problem has the same three operations: tree growth, tree
pruning and pheromone update, as TGBACA [6], but here they
are carried out differently, as described below.
A. Tree Growth
This operation creates a tree T(ET, VT), where ET and VT
are the sets of edges and nodes of the tree, respectively, such
that each edge in ET satisfies the bandwidth constraint. Initially,
ET and VT are set as follows: ET = NULL, VT ={s}, where s is
the multicast source. Then, a link set E' is created. Initially, E' =
{e(s, i)}, where each link e(s, i) belongs to the given network
and satisfies the bandwidth constraint: B(e(s, i)) Bmin. Then,
the following steps are performed:
Step 1: Select an edge from the set E' according to the
following selection probability equation:
(8)
where ei is the ith link of E', i is the pheromone intensity of ei,
and i is the heuristic function of ei. We have selected i =
1/costi, where costi is the cost value of ei, α and β are
parameters used to adjust the effect of the pheromone intensity
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and the heuristic function. Suppose the edge (i, j) is selected,
then it is added to the set ET of tree T, and node j is added to
the node set VT of T.
Step 2: Update the links set E' to be E' = E' E1 + E2, where E1
= {e(k, j)| e(k, j) E'}denotes the link set which takes node j as
the destination and belongs to E', and E2 = {e(j, k)| k VT}
denotes the link set which takes node j as starting node and
satisfy the bandwidth constraint. It can be seen that one link at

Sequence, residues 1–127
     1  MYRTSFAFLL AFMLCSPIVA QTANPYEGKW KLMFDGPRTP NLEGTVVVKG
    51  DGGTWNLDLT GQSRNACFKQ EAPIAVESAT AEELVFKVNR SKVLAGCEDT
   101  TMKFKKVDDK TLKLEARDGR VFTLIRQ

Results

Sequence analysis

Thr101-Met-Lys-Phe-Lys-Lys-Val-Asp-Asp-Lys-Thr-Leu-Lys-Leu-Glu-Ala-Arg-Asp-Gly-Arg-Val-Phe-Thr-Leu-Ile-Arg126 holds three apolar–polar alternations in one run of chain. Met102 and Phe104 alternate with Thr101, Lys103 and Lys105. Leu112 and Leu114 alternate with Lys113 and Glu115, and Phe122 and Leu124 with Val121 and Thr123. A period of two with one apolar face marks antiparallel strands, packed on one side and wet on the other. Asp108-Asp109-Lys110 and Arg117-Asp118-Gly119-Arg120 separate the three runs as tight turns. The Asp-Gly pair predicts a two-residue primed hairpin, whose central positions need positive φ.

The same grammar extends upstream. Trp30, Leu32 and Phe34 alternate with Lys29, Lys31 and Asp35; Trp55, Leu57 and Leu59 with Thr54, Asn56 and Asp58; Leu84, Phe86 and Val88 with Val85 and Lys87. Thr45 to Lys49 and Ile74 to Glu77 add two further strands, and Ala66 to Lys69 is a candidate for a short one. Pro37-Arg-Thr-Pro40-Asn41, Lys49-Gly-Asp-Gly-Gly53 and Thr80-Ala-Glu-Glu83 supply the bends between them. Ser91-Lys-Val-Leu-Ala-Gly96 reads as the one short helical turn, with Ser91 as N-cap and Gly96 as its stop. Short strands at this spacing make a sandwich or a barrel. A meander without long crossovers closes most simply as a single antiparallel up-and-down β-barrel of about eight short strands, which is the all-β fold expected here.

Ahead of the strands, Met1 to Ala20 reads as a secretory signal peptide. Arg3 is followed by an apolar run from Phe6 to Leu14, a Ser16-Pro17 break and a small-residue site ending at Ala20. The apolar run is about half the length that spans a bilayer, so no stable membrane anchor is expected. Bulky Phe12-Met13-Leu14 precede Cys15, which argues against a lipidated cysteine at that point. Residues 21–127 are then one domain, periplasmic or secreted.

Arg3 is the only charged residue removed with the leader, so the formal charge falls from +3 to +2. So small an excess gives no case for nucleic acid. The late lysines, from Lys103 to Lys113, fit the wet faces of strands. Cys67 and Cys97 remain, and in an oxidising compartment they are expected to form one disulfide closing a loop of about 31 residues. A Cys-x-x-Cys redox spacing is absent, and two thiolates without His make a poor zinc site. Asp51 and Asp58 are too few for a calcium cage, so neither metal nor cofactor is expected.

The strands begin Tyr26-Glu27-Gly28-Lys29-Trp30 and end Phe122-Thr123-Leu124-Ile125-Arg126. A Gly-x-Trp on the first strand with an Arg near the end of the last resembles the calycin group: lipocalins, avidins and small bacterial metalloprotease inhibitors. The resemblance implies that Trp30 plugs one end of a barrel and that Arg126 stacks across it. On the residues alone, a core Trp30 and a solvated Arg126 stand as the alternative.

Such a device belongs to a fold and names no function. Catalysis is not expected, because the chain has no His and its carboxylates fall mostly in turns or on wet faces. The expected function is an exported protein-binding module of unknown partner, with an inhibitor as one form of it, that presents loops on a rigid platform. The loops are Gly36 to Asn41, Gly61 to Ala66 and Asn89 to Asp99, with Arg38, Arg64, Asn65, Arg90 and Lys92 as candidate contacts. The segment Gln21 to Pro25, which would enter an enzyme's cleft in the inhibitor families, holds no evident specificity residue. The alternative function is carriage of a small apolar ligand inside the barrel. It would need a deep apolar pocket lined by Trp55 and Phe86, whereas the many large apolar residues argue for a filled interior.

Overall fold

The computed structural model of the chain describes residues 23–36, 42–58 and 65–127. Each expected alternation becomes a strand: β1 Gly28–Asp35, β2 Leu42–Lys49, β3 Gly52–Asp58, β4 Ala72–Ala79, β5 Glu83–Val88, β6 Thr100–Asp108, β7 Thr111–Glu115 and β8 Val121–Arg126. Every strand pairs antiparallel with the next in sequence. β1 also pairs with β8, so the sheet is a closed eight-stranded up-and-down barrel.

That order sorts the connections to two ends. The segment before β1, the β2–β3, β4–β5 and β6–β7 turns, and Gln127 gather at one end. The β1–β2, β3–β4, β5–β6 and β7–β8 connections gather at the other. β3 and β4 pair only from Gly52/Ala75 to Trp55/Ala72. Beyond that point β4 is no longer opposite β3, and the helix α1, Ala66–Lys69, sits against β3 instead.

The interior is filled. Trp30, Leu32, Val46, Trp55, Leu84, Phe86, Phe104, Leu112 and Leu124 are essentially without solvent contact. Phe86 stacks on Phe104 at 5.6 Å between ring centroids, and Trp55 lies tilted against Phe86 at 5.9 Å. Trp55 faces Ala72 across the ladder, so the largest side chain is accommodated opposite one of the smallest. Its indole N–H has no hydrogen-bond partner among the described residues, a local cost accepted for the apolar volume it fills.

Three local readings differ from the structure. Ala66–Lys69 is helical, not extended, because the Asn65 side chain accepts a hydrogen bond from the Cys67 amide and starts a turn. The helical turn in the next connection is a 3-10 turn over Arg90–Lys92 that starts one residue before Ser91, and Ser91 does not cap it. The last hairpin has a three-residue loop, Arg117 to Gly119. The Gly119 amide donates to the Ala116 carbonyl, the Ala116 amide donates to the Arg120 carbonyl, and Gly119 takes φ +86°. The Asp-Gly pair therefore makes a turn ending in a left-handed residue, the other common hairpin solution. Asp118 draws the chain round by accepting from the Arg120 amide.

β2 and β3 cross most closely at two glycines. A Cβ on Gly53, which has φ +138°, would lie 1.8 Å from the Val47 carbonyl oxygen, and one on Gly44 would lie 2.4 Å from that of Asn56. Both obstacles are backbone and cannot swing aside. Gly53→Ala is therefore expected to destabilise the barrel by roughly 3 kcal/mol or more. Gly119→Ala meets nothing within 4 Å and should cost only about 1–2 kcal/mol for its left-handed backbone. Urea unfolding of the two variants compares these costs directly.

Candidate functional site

a time is added to tree T.
Step 3: Repeat the previous two steps of tree growth process
until tree T covers all the destination group nodes.
B. Tree Pruning
Although the tree found covers all the destination group
nodes, it may not be a multicast tree, because it contains some
leaf nodes which are not destination nodes. Therefore, a
pruning process is performed to remove those leaf nodes. Then,
the delay, cost and delay jitter of the pruned multicast tree are
modified accordingly, and its fitness is calculated using (7).
C. Pheromone Update
The most interesting contribution of ant colony system
(ACS), [24], is the introduction of a local pheromone update in
addition to the global pheromone update performed at the end
of the construction process for all ants, which is called offline
pheromone update.
The local pheromone update is performed by all ants after
each construction step. Each ant applies it only to the last edge
traversed. The main goal of the local update is to diversify the
search performed by subsequent ants during one iteration. In
fact, decreasing the pheromone concentration on the edges as
they are traversed during one iteration encourages subsequent
ants to choose other edges and hence to produce different
solutions. This makes less likely that several ants produce
identical solutions during one iteration. [25]
In our algorithm, after obtaining a multicast tree, the ant
reduces the pheromone trial ij of each traversed edge e(i, j), by
using the following local pheromone update equation:
(9)
where [0,1] is the pheromone evaporation parameter,